Animals Act 1971 Appeal Court ruling

  • A couple ordered to pay substantial damages to a teenager who fell off one of their ponies are warning that the case will have serious repercussions for the horse industry.

    Last Friday, three judges at London’’s Appeal Court ruled that even though Matthew and Georgia Stokes were not negligent, they were “strictly liable” and must pay Aimee Welsh’’s damages.

    At the time, Miss Welsh was a 17-year-old trainee at the couple’’s yard in Cornwall. She suffered serious head injuries when their nine-year-old pony, Ivor, reared, threw her off and fell on top of her (news, 28 June).

    ““I’’m very disappointed,”” said Mr Stokes. ““But until the law changes, it will keep happening.

    ““I now have to inform my new insurers —– they knew this was pending —and it will probably make it harder for me to get my employer’s’ liability insurance.””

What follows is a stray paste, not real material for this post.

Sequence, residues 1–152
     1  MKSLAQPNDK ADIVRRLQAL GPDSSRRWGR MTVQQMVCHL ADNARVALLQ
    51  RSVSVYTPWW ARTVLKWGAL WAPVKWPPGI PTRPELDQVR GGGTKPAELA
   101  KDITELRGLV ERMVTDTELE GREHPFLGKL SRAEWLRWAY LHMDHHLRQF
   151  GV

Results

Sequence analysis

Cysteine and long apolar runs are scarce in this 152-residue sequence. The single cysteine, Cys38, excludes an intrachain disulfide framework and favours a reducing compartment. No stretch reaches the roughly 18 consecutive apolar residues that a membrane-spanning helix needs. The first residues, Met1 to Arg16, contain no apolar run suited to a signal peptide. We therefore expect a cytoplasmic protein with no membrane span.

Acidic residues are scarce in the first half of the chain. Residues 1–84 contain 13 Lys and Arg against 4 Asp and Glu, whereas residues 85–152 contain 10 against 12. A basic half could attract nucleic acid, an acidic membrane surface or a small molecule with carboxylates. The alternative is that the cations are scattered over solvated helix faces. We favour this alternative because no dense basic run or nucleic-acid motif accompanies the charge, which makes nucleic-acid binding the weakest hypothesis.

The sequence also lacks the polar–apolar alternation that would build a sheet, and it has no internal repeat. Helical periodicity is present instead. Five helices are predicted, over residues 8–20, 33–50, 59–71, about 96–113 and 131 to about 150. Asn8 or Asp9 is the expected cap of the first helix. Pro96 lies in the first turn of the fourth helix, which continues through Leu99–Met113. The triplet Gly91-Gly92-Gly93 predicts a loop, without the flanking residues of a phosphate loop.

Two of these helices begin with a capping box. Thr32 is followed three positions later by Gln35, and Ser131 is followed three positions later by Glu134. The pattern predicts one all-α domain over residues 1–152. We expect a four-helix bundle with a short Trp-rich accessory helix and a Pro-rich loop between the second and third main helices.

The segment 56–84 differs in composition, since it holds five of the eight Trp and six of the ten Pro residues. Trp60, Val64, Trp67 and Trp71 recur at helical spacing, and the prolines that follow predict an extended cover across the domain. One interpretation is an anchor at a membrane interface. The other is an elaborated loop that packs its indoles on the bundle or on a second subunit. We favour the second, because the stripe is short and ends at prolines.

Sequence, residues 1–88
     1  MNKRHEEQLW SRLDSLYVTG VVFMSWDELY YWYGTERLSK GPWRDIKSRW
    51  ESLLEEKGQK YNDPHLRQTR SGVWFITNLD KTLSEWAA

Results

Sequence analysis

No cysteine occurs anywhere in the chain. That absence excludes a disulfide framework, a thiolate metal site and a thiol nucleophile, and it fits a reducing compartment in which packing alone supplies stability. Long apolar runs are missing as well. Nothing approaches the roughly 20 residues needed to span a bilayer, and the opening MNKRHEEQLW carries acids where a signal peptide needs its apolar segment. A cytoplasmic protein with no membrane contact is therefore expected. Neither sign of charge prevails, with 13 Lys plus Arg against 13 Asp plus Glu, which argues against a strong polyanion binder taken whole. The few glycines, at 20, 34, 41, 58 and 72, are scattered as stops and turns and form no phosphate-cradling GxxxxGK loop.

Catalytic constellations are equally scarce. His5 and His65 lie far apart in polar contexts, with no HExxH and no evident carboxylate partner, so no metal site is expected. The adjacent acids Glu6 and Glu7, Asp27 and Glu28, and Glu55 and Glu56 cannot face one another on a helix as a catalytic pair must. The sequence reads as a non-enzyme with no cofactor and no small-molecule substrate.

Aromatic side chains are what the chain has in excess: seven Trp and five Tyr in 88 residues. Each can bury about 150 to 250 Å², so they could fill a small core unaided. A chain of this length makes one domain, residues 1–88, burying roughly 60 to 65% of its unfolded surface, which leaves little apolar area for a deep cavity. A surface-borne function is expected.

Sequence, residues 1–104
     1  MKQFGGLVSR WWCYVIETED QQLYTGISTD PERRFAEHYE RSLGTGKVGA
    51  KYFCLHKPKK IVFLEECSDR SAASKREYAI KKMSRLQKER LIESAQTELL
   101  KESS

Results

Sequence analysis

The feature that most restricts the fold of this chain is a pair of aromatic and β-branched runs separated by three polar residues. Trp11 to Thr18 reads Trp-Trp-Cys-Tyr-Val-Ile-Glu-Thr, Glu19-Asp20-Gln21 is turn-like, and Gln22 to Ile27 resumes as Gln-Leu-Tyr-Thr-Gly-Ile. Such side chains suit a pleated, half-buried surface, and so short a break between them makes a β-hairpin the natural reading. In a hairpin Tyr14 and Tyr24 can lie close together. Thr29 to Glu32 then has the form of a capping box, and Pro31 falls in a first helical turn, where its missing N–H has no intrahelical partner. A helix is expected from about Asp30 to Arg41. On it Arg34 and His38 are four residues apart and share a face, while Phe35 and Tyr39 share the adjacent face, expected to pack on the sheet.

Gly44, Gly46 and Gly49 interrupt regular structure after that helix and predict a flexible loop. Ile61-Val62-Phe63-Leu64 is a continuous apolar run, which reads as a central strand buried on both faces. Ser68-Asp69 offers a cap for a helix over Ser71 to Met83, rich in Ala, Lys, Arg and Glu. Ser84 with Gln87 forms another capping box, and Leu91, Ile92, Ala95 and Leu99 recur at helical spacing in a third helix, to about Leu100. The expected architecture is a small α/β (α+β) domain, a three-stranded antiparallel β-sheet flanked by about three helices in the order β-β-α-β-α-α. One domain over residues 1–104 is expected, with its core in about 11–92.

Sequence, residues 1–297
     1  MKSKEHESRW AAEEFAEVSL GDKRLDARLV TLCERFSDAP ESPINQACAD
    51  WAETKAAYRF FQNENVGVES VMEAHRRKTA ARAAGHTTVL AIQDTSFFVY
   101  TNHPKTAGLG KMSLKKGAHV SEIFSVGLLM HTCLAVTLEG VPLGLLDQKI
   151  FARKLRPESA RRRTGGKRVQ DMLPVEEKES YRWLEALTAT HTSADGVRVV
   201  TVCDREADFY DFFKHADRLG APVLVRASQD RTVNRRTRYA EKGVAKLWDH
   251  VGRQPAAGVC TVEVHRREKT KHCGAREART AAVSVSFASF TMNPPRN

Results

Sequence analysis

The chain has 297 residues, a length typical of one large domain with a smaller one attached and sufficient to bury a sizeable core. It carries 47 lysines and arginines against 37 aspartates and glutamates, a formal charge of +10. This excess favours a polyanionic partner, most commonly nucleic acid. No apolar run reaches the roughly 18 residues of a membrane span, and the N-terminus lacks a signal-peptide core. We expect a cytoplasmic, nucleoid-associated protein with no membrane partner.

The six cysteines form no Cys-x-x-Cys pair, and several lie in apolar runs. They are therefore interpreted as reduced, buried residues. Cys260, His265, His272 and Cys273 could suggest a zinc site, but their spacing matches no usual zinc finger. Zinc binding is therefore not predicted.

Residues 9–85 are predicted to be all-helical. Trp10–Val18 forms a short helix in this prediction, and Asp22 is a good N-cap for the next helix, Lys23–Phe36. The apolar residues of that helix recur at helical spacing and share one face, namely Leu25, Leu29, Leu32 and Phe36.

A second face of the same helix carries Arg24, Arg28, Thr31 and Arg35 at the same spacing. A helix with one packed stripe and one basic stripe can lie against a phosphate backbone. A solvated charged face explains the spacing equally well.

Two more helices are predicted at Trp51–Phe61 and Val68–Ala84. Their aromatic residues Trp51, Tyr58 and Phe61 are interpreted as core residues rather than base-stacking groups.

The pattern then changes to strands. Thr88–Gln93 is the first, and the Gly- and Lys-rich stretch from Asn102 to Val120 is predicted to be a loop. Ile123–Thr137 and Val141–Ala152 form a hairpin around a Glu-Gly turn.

In October last year, Judge David Tyzack QC said Ivor was a “sensible horse with no history of misbehaviour or vice of any kind” and dismissed claims that the Stokeses had been negligent.

    The judge considered Miss Welsh was competent to ride a sensible horse like Ivor and the Stokeses could not have forseen the accident. Nevertheless, he ruled that the Stokeses were “strictly liable” to pay compensation under the terms of the 1971 Animals Act.

    The couple challenged that ruling at London’’s Appeal Court in June, but last week their case was dismissed. Unless terms are agreed beforehand, the amount of Aimee’’s compensation will be assessed at another hearing.

    Read this news story in full in this week’s Horse & Hound (2 August, ’07), on sale now

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